A death at a Higgins Avenue homeless camp has advocates echoing calls for more permanent housing in Winnipeg.
Fire crews arrived on scene at the encampment around 11 a.m. on Tuesday morning to find a temporary structure engulfed in flames and one person dead. Firefighters believe the fire was fuelled by aerosol cans that ignited and exploded. The Winnipeg Fire Paramedic Service and police responded to the scene, in a fenced-off lot near 66 Higgins Ave., and were still investigating the cause of the fire. No other details have been released, including the identity of the deceased.
About half a dozen people were still coming and going from the camp in recent days, said Harrison Powder, who stopped by the camp after the fire, fearing the deceased person might be one of his friends. He had no answers when he spoke to the Free Press Tuesday afternoon, but as an anti-poverty advocate and someone who was once homeless himself, Powder said someone shouldn't have to die for organizations and individuals to take action.
"This loss is tragic. Losing someone from the homeless community, like this is our worst fear right now. All the Indigenous activists and anti-poverty advocates I know, all these people from Winnipeg who have been volunteering and donating and everyone's trying to help people through this cold snap, I think we're all trying to do it to avoid death. We don't want anyone to freeze... we don't want people to die in fires either."
"There's more that can be done to address homelessness. I mean, we seem to band together and want to help out when there's a cold snap or something, but there's got to be more done than that. We need more permanent housing." — Harrison Powder
One of the smaller encampments in the area, the camp was formed after people were displaced from homeless camps on the grounds of the Manitoba Metis Federation on Henry Avenue in the summer, Powder said. When he visited the Higgins Avenue location about a week ago, there were only a couple of tents set up and between four to six people coming and going, he said, explaining the camp shrunk recently as more people moved to other temporary shelters farther down Higgins and closer to the river.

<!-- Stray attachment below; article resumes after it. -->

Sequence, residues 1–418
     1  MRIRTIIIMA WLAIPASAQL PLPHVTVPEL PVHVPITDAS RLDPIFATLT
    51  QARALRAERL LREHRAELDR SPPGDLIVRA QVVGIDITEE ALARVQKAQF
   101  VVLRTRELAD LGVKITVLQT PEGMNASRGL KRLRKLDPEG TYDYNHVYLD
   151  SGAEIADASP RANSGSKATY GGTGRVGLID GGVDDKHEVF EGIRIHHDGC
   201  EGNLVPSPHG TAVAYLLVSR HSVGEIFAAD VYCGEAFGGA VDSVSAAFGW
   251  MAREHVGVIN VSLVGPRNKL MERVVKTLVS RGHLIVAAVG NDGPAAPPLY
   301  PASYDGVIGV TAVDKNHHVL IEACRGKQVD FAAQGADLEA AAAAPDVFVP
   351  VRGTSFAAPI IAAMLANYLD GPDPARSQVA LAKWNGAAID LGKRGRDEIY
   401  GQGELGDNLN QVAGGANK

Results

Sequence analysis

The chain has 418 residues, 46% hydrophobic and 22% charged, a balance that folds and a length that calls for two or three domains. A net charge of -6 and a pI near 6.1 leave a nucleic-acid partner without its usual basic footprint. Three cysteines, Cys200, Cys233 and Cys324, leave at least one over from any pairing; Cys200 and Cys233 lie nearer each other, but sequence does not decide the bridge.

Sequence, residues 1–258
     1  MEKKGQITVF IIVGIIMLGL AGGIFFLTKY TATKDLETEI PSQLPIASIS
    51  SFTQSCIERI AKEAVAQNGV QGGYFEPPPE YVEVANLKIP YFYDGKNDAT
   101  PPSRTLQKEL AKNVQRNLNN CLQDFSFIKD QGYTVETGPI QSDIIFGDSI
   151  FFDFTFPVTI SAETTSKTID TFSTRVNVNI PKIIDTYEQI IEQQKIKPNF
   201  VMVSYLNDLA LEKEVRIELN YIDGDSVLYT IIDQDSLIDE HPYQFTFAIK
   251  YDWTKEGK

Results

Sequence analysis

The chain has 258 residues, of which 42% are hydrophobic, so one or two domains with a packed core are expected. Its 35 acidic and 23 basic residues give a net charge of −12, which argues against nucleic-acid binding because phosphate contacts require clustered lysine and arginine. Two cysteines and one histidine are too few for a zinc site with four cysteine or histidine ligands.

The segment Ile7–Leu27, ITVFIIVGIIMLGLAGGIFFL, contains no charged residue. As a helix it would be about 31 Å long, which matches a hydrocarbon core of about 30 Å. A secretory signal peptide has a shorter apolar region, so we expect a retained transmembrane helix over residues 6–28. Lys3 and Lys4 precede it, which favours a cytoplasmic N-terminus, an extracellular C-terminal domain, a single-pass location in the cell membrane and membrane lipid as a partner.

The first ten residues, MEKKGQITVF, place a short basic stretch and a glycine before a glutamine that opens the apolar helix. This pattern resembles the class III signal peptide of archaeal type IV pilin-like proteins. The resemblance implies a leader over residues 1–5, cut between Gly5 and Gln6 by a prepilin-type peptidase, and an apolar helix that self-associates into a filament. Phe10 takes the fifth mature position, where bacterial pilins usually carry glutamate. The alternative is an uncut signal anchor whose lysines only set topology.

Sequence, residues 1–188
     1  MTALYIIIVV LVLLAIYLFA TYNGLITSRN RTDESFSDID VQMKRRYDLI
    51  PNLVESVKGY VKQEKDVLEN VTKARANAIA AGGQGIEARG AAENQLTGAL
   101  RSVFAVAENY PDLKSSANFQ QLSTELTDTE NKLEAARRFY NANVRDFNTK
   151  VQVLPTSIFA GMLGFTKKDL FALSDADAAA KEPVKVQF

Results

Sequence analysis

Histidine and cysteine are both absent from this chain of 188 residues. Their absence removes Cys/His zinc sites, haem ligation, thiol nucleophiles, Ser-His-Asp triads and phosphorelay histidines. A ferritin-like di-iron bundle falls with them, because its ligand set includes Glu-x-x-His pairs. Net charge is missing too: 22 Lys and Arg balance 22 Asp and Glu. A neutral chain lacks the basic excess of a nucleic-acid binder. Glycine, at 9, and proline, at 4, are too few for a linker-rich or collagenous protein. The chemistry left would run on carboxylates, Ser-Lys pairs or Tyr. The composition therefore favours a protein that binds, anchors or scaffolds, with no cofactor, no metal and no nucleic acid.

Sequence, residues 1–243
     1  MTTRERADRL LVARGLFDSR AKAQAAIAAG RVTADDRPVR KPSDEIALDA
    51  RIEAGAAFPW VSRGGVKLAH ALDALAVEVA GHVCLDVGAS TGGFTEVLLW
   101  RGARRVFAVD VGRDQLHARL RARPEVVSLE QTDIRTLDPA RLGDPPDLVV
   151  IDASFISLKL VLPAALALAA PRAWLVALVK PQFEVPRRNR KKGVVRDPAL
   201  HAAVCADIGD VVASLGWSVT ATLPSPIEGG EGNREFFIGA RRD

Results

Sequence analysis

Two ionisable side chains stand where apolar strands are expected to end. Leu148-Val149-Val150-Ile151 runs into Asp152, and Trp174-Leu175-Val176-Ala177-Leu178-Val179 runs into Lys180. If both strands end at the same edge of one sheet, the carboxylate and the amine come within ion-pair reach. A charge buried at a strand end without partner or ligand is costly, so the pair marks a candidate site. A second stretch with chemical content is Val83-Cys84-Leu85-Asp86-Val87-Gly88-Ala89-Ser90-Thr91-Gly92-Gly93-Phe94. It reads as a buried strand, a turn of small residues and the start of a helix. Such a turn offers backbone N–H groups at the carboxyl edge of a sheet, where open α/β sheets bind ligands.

"Displacing the homeless solves nothing," Powder said.
"There's more that can be done to address homelessness. I mean, we seem to band together and want to help out when there's a cold snap or something, but there's got to be more done than that. We need more permanent housing."
Kris Clemens, a spokesperson for End Homelessness Winnipeg, said the organization is again calling for more access to low-barrier permanent housing for people who need it. Advocates have been working with outreach teams and the fire paramedic service to spread information about fire safety, COVID-19 precautions and protections from the bitter cold, Clemens said, but information isn't enough.
"There's multiple overlapping crises," Clemens said.
"All of this safety education and information isn't enough if we don't have housing appropriate to people's needs. This is what's leaving some numbers of people outside, unsheltered, choosing between a range of options, none of which are permanent housing. And out of those options, some people will choose the outdoors, despite the risks that we know are there and that people are actively working to mitigate against, but until we are able to fulfill the right to housing for people, we're just constantly trying to avert tragedies like what happened today."
The Main Street Project's outreach patrols were working closely with people staying at the camp and others nearby. In a statement Tuesday, the Main Street Project said van patrols will continue, but didn't release other details.
"Our thoughts are with those who will be directly impacted through this loss, and we will continue to rally around with and for community," the statement said.
Katie May reports on courts, crime and justice for the Free Press.